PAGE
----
A week ago I said Clinton would win by 10+. There has been some controversy in the past week over Obama's "bitter" remarks. I doubt those really have much of any effect. But I don't think that truly matters in the end. In order to make this a truly close primary, Obama needs not only to convince voters that Clinton might not be so grand, but also that he is a prime alternative. Even the "close" polls, Obama's polling only in the mid 40's (or even low 40's) with many undecideds. I'm not one to believe that there are a ton of undecideds out there. Many in the mainstream media including First Read from MSNBC refuse to take polls from automated voice polls (polls that don't use a live interviewer), but these polls tend to have lower undecideds. Those polls that use live interviewers tend to be those that have larger undecideds (whether it be a Bradley or reverse Bradley (the fear of a interviewee to give a response about a candidate due to the candidates race) or simply don't push the interviewee for an answer). In fact, the top three most accurate pollsters according to pollingreport.com are ALL IVR. The top pollster by a long mile is Surveyusa, which by the way is the poll most favorable to Hillary Clinton. Some may attribute Surveyusa's dominance over its ability to poll late in the contest (because interviews by live interviewers usually have to take place over a number of days). Well that wasn't the case in Ohio where Surveyusa was the most accurate pollster (and is the state most comparable to Pennsylvania in terms of its demographics).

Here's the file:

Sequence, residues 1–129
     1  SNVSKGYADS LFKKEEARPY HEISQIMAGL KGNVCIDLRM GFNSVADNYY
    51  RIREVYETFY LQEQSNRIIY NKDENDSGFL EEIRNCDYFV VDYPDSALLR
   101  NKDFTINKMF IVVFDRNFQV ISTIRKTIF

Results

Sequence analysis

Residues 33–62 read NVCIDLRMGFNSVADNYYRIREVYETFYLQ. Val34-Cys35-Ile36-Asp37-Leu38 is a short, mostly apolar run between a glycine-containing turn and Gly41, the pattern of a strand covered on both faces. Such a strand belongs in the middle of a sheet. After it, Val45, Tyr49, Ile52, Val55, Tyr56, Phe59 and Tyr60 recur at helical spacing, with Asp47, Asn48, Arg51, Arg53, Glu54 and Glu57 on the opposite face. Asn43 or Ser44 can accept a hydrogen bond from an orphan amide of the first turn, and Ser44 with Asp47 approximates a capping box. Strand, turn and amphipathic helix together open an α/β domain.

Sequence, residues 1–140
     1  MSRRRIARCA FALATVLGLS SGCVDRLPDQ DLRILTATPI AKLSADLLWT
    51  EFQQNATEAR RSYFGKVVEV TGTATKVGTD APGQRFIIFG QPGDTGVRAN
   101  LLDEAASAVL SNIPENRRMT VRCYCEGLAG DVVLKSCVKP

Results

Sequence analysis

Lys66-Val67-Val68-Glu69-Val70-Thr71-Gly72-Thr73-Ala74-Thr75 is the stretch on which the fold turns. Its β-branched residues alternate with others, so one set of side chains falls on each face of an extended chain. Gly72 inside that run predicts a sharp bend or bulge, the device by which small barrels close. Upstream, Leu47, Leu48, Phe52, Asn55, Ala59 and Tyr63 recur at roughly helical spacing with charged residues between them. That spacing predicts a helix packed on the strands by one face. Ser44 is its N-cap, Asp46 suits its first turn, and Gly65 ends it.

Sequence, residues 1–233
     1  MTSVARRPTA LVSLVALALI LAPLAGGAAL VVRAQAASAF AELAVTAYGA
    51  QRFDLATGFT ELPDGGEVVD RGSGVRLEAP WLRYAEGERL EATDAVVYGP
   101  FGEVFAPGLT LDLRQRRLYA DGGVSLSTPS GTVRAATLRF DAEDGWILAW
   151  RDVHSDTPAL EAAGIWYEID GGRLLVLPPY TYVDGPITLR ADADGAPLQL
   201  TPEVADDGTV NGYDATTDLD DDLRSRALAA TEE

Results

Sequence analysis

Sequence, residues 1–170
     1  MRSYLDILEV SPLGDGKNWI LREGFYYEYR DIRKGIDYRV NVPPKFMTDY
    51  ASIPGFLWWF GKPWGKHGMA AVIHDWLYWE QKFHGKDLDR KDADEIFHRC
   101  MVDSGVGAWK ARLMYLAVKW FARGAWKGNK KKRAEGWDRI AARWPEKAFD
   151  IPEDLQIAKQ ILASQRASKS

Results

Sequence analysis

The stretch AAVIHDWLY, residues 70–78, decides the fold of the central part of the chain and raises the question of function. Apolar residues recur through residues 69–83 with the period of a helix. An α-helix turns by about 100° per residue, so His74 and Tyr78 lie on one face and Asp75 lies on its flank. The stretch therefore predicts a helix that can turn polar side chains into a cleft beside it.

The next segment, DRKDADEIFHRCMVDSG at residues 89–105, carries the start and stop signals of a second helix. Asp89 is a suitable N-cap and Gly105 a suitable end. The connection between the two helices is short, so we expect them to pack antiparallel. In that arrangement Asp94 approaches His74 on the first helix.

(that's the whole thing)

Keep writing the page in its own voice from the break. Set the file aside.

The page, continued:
Public Policy Polling is out tomorrow (they say a surprise is coming....)... they are the second most accurate pollster... they were also the second most accurate in Ohio.
They have been more favorable to Obama in PA than Surveyusa, so we'll see if there is any sort of a trend.
The point I'm trying to make is that these so call "undecideds" are going to come in and vote Clinton for the most part. They are going to propel her to a 10+ victory.